Treatment protocols

Education & advice (Group A)

Participants in the Education and advice group will receive a single, one to one session with a physiotherapist who will complete a physical examination and give standardised advice using the 'Back Book' [17]. The aim of the session will be to encourage a graded return to normal activities. Specifically the session will address the causes of low back pain, as well as giving advice on how to deal with an attack of back pain, the nature of chronic pain and how to better cope with these issues. All participants will be given a copy of the Back Book to keep. This will have a contact telephone number for the physiotherapist printed on the inside of the front cover. Participants will be encouraged to contact the physiotherapist to seek advice or address any further questions that they may have at a later date during the intervention period. If they wish the participants can leave a message for the physiotherapist who will call them back using a standardised telephone script adapted from a previous study [20].

Education & advice plus a structured walking programme (Group B)

Participants in Group B will receive the same single education and advice session as described above for group A. In addition, they will also receive a graded pedometer-driven walking programme prescribed by the physiotherapist. Each participant will be given a pedometer (Yamax Digiwalker CW-701, Yamax, Japan) to monitor their activity. This has been shown to be the most reliable, commercially obtainable pedometer which is currently available [39]. Participants will have the pedometer for a one week familiarisation period before they return for their next appointment. At this appointment the specific content of the tailored intervention will begin. This will be determined according to the 5A's model of health behaviour advice. This model was developed for brief smoking cessation advice but has also been proposed as a tool by which clinicians working in a primary care setting might provide advice aimed at influencing other health related behaviours, including PA [40]. The 5A's are as follows: Ask, Assess willingness to change, Advise, Assist, and Arrange follow-up. During the study the model will therefore be applied in treatment group B according to the following format.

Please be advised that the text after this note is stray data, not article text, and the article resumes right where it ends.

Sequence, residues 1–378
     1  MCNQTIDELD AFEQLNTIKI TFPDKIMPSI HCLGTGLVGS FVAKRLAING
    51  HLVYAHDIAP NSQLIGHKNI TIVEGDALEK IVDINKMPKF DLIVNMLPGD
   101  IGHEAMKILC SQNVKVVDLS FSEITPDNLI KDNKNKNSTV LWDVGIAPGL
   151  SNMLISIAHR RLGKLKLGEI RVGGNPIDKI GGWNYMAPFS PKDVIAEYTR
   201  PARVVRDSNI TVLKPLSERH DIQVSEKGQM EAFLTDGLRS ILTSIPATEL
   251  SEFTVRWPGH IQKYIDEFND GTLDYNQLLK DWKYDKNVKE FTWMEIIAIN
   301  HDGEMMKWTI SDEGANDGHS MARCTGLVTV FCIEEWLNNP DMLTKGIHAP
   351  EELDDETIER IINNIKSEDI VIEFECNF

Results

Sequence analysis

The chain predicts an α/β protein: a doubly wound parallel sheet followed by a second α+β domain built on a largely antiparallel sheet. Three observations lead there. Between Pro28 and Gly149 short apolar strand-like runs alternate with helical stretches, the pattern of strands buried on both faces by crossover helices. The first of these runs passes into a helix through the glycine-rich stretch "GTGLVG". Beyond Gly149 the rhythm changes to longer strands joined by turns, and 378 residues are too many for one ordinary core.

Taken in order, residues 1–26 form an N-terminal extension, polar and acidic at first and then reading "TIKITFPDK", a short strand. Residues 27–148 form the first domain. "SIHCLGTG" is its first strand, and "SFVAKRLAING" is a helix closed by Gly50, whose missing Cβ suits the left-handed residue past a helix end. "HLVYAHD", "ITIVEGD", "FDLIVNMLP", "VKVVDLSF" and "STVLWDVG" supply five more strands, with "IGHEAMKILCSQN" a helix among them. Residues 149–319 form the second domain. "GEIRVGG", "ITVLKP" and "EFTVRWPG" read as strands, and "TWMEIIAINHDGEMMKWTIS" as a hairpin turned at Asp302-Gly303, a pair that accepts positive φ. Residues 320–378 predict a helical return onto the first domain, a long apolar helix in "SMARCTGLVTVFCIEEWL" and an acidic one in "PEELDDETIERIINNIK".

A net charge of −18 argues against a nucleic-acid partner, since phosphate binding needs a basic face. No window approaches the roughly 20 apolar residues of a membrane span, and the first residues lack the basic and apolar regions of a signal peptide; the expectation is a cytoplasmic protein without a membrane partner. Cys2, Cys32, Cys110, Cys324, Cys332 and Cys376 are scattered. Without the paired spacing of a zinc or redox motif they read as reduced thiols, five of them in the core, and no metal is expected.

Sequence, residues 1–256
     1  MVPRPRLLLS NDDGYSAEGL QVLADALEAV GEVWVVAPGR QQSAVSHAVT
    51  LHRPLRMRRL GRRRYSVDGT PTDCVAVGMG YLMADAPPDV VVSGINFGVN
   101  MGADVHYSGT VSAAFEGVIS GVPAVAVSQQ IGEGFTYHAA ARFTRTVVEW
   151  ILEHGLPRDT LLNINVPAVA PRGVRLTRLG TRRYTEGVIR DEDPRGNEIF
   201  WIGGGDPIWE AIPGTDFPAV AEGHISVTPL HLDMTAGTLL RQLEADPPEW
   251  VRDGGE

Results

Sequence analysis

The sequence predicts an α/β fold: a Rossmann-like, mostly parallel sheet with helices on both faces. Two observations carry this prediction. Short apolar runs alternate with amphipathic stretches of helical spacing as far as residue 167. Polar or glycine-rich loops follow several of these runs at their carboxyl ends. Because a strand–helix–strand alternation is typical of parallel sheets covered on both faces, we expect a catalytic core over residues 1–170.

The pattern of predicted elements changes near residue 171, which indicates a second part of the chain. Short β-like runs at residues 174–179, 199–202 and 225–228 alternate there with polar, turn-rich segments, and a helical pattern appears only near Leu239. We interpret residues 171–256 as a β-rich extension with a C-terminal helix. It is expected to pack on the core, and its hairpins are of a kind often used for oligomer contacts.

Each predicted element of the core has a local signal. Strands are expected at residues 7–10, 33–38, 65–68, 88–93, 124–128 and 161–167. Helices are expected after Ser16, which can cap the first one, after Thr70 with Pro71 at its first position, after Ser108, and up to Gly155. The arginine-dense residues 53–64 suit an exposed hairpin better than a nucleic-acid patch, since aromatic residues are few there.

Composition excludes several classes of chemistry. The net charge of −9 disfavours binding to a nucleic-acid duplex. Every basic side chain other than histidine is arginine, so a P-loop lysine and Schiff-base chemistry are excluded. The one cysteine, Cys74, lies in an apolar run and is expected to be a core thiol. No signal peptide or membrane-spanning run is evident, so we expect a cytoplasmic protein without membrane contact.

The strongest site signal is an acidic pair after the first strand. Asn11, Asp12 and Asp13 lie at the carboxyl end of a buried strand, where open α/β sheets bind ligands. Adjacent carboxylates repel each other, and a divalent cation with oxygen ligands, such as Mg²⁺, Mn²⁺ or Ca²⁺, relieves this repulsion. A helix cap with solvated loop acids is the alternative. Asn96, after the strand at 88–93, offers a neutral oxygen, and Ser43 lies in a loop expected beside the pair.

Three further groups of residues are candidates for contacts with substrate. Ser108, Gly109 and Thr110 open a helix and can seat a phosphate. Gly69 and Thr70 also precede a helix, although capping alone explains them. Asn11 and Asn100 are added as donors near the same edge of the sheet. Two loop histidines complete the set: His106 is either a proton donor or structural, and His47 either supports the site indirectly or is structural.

1) Ask: Participants will be asked about their current PA and exercise history. 2) Assess: Participants current level of motivation to exercise will be measured using the readiness to change questionnaire which will have been recorded at baseline. Individuals in pre-contemplation will be asked their reasons for taking part in the trial and their barriers to further activity. They will then be asked how they feel about their exercise levels and if they are willing or ready to try a bit more. 3) Advise: Participants will be given further advice on the benefits of PA for their back pain. This will be delivered using personalised but non-judgmental language. This will be based on the participant's responses to question 1 and will make reference to the information in the 'Back Book'. 4) Assist: Participants will be given additional advice which will include an explanation of the use of pedometers to set individual goals and how this may be used to maintain motivation. There will then be a 10 minute self-efficacy walk, during which the participant will wear the pedometer while the physiotherapist will discuss aspects of walking as a form of PA (such as footwear and safety) as well as reinforcing some of the previously discussed aspects of the intervention. This will be followed by a brief discussion during which an initial, weekly step goal will be determined by negotiation. This will be set using the Goal Attainment Scale (GAS). This is order to place the step goal in a context which relates to the participants own circumstances. Participants will be asked to rate their perception of the likelihood of achieving the weekly goal on a scale of 0-10. If they rate the scale as below 8, the target will then be re-negotiated in order to reach a target which is seen as realistic by both the physiotherapist and participant. Lastly, the physiotherapist will demonstrate how to record daily step counts and any adverse events in a diary. This will also be used to determine compliance which will be based on the participants self-reported weekly step counts and recorded by the physiotherapist as a percentage of the target number of steps completed. 5) Arrange follow-up: Appropriate follow-up and support will then be arranged. This will involve a discussion of a follow-up date or time frame to assess progress, to assist in overcoming difficulties and to reassess daily step goals. To encourage compliance, participants will receive a weekly telephone call from a physiotherapist using a pre-determined script (approximately 10-15 minutes). During this conversation, difficulties will be addressed, data from the pedometer recorded and a new walking goal set. This approach has been previously employed in other walking intervention studies [41]. In addition, participants will be encouraged to contact the physiotherapist if they have any other questions or concerns at any other time during the intervention period. The specific features of the five components will be recorded for each participant in a standardised manner.